He wanted to make something that could be driven by a hand crank. Of course, there is nothing stopping you from throwing a motor on the back to drive the mechanism, but [Ben] wanted the internals to be fireproof so he could light it with a candle. His mechanism, built from old bits of wire and sheet metal, is not flammable or adversely affected by heat like a motor and power supply would be. He succeeded admirably, and he has also done an excellent job of documenting the process to providing handy tips on creating a mechanical pumpkin-based monstrosity.

Those hackers down with a little electronic wet work you should start building their LED-integrated Jack-O-Lantern now. These things take a lot of time turn out.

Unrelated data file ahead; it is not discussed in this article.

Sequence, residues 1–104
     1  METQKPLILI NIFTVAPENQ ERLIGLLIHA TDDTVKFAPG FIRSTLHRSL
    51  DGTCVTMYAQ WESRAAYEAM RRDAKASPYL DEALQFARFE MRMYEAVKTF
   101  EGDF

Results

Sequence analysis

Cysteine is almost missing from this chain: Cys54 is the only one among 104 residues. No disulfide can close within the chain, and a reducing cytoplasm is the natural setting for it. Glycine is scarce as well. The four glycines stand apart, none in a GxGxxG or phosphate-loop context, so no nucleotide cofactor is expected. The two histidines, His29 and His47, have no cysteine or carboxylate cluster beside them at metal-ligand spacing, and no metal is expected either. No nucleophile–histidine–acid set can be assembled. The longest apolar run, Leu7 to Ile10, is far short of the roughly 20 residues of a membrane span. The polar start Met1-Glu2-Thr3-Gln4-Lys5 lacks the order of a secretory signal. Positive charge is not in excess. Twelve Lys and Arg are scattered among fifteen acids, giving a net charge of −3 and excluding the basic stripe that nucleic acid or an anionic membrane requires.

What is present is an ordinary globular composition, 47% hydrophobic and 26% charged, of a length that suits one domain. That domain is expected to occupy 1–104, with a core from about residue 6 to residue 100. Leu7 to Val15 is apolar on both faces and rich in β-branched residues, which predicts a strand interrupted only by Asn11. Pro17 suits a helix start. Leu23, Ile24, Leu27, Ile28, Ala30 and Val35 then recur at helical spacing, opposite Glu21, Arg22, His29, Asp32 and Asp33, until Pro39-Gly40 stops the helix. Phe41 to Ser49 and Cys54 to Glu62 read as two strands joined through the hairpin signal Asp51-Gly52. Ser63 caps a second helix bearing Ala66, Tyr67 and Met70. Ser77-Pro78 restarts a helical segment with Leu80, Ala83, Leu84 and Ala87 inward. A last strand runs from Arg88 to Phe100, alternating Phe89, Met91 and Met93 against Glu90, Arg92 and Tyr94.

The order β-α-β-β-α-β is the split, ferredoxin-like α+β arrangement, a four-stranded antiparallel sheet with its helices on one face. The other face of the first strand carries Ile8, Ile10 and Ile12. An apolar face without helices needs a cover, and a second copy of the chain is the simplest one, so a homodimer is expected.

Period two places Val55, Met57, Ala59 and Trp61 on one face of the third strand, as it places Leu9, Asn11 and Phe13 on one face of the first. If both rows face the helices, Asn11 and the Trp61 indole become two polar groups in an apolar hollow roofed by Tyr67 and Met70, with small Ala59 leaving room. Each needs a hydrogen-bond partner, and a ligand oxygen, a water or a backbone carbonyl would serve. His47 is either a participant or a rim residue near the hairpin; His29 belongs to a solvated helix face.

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Mood Lighting with LEDs and an Arduino

Regular candles can be awfully boring at times. They can only produce one color and the flicker is so… predictable. They can’t even be controlled by an infrared remote control, not to mention the obvious fire hazard. Now, however, [Jose] has come up with an LED candle that solves all of these problems. (Original link to the project in Spanish.)

The heart of the project is an Arduino Pro Mini, which is especially suited for this project because of its size. [Jose] put the small form-factor microcontroller in the base of a homemade wax enclosure and wired it to a Neopixel WS2812b LED strip. The strip can produce any color, and has some programmed patterns including flicker, fade, rainbow, and fire.

The artificial candle is controlled with an infrared remote control, and all of the code for the project is available on the project site if you want to build your own. [Jose] has been featured here before for his innovative Arduino-driven RGB lighting projects, and this is another great project which builds on that theme!